And one final complaint. I know that Sutin likely did not have control over the blurbs on the back cover of this book, so this is not aimed at him. But when I read certain kinds of sentences -- for example: "Witty, erudite, and exploding with intellectual shrapnel, this is the last testament of an American original." -- I'm reading the book despite the absurdity of the blurb.


Philip K. Dick is Dead, Alas, Michael Bishop, Orb, 1994, 341 pp. (originally published as The Secret Ascension in 1987)

Consideration of the life of Philip K. Dick is only complete with a look at his influence on other writers. For example, who would have thought that Ursula K. Le Guin is a huge fan of Dick's writing? I could have used a review of Le Guin's The Lathe of Heaven to conclude this column just as easily as Bishop's book. And almost every new edition of a Dick novel has that Le Guin quotation calling Dick "our own homegrown Borges." Stanislaw Lem called Dick the sole artist working in the field long before it was fashionable to make such statements. And as Dick's influence grows, it has indeed become fashionable to heap praise on a man whose books sold poorly during most of his own lifetime. There are some bitter ironies at work here: as Dick's reputation slowly grows outside of the science fiction ghetto, he gets new editions of his books and more biographies and more critical attention. When these kinds of things would have mattered to Dick himself, they were, for the most part, not there. Granted, Dick gained some financial security during the last few years of his life (in the late seventies), but thirty years of hard times had taken a tough toll by that point.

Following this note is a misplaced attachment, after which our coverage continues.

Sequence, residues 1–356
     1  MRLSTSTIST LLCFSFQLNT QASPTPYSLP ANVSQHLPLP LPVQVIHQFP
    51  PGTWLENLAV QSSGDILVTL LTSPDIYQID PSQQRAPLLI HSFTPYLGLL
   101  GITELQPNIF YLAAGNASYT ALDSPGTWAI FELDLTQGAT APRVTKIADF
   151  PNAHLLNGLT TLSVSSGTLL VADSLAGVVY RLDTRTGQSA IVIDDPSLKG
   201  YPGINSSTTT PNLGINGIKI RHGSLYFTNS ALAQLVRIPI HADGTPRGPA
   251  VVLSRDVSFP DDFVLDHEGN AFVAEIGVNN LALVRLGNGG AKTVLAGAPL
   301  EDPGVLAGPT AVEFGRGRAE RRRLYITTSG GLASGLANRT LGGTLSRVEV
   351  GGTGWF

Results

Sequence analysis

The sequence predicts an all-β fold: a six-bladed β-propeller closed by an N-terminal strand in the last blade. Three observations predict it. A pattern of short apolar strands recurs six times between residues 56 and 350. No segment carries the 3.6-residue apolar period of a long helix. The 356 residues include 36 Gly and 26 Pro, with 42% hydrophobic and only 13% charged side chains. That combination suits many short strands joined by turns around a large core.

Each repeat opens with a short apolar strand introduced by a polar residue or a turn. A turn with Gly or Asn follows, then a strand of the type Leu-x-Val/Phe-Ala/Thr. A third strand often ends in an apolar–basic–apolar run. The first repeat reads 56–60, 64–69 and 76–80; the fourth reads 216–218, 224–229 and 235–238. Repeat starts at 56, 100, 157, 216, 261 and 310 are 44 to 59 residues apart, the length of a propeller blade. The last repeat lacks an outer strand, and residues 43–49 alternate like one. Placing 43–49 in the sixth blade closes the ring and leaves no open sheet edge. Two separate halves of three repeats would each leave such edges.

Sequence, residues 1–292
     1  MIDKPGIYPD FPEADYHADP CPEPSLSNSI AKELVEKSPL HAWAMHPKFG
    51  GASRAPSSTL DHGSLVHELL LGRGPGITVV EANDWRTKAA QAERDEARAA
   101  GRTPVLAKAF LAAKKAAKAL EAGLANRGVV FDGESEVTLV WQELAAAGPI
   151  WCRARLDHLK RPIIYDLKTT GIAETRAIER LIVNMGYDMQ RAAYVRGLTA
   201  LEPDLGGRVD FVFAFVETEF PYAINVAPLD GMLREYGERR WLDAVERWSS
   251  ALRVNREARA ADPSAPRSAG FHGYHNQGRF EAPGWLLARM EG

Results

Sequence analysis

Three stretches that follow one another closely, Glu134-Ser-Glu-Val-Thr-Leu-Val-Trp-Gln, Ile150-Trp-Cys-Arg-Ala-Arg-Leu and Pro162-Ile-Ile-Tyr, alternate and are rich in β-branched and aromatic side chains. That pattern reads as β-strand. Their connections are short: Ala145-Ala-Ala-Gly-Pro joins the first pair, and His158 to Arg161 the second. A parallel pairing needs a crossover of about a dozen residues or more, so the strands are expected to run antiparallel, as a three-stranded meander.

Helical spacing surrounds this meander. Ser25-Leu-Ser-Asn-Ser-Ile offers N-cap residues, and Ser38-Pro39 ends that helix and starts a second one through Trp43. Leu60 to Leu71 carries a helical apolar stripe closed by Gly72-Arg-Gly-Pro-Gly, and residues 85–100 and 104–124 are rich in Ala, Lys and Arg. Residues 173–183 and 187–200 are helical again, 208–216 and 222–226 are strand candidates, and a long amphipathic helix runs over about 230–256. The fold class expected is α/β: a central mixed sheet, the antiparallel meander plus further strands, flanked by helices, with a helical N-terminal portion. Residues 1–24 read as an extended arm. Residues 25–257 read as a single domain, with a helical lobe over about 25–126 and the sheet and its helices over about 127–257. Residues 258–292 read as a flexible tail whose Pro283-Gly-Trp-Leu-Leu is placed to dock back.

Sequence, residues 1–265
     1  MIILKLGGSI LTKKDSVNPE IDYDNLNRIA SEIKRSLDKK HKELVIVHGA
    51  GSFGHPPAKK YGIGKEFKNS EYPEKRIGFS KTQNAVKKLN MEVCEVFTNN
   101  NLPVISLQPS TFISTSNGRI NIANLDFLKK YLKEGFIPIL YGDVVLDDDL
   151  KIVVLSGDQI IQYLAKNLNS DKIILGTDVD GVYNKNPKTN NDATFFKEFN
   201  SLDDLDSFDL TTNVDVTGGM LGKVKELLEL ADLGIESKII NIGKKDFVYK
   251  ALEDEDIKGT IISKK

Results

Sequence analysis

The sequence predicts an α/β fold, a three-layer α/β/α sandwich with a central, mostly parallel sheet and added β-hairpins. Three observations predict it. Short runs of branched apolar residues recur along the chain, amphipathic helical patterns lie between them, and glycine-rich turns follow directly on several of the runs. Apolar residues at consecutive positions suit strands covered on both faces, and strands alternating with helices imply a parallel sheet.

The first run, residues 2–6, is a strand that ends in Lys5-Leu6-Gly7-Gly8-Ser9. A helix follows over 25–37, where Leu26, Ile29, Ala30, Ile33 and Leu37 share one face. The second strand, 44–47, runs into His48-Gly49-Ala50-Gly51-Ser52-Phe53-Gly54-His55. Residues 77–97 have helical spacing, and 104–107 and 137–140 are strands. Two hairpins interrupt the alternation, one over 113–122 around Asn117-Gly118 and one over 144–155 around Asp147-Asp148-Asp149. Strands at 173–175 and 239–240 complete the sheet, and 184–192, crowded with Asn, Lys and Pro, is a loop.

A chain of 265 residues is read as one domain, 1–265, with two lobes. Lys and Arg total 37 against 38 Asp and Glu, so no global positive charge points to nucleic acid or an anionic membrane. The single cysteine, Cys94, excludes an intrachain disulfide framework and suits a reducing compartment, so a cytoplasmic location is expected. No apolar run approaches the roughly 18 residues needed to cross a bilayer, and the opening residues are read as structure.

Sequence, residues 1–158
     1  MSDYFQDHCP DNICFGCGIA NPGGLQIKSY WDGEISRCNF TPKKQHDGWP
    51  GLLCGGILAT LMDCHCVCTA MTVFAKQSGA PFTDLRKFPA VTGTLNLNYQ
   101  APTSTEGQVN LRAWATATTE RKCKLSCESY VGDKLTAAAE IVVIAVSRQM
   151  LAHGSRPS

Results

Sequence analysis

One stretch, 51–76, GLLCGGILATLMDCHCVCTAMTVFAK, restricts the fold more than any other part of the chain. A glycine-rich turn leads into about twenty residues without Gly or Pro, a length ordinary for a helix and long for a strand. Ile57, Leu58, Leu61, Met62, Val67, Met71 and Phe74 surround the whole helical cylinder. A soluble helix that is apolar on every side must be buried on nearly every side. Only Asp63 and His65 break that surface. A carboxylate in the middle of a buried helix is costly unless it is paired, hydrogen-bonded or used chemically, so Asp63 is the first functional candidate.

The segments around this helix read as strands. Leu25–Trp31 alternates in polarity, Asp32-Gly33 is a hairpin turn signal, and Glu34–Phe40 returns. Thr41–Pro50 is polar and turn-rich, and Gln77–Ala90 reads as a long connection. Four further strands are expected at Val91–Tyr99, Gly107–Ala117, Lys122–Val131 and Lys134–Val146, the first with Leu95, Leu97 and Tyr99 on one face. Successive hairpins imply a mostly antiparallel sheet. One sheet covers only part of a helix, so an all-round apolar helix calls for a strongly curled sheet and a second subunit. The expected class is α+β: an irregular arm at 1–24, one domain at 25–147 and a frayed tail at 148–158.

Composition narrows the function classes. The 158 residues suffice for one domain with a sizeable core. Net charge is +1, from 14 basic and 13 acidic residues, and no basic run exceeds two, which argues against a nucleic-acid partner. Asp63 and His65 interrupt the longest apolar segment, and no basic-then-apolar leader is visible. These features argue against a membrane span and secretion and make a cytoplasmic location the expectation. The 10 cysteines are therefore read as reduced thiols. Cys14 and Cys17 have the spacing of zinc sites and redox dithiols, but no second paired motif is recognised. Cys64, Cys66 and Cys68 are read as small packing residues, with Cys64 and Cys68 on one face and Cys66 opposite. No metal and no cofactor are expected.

And that's why a revisionist fantasy like Bishop's Philip K. Dick is Dead, Alas is so satisfying. Is there any justice in the universe when a person can suffer the things that Dick did in his lifetime? I don't know the answer to that, and Bishop's book is slight recompense to Dick, who is dead, as the title indicates. But in the Dickian universe postulated by Philip K. Dick is Dead, Alas, reality doesn't have to be the final arbiter of the state of affairs for us humans. The metaphorical implications of the book, about which I'll say more in a minute, sometimes undercut this well-meaning homage: if reality is what we make it, then Dick made an unjust, unstable reality for himself? However, this kind of complicated irony is what Dick himself thrived on and could fit into the speculations of VALIS and Dick's Exegesis with little fuss.